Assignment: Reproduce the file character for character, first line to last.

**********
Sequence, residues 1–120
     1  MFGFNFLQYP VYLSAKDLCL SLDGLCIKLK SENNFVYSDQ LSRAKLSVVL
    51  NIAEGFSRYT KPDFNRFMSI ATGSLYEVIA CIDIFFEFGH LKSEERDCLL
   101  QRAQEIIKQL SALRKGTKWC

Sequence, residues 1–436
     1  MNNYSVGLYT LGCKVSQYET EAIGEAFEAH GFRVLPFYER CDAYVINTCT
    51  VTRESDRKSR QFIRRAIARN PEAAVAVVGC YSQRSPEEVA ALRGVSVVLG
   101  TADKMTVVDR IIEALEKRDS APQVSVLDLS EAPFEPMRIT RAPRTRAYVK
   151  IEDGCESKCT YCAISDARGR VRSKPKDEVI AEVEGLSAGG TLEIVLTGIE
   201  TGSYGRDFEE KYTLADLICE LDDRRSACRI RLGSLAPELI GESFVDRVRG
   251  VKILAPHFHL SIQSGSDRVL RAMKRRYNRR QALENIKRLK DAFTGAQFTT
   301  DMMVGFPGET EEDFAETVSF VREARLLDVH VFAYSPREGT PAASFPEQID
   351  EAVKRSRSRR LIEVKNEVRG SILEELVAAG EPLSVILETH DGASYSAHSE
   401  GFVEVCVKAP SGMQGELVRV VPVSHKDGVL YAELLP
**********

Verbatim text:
Sequence, residues 1–120
     1  MFGFNFLQYP VYLSAKDLCL SLDGLCIKLK SENNFVYSDQ LSRAKLSVVL
    51  NIAEGFSRYT KPDFNRFMSI ATGSLYEVIA CIDIFFEFGH LKSEERDCLL
   101  QRAQEIIKQL SALRKGTKWC

Sequence, residues 1–436
     1  MNNYSVGLYT LGCKVSQYET EAIGEAFEAH GFRVLPFYER CDAYVINTCT
    51  VTRESDRKSR QFIRRAIARN PEAAVAVVGC YSQRSPEEVA ALRGVSVVLG
   101  TADKMTVVDR IIEALEKRDS APQVSVLDLS EAPFEPMRIT RAPRTRAYVK
   151  IEDGCESKCT YCAISDARGR VRSKPKDEVI AEVEGLSAGG TLEIVLTGIE
   201  TGSYGRDFEE KYTLADLICE LDDRRSACRI RLGSLAPELI GESFVDRVRG
   251  VKILAPHFHL SIQSGSDRVL RAMKRRYNRR QALENIKRLK DAFTGAQFTT
   301  DMMVGFPGET EEDFAETVSF VREARLLDVH VFAYSPREGT PAASFPEQID
   351  EAVKRSRSRR LIEVKNEVRG SILEELVAAG EPLSVILETH DGASYSAHSE
   401  GFVEVCVKAP SGMQGELVRV VPVSHKDGVL YAELLP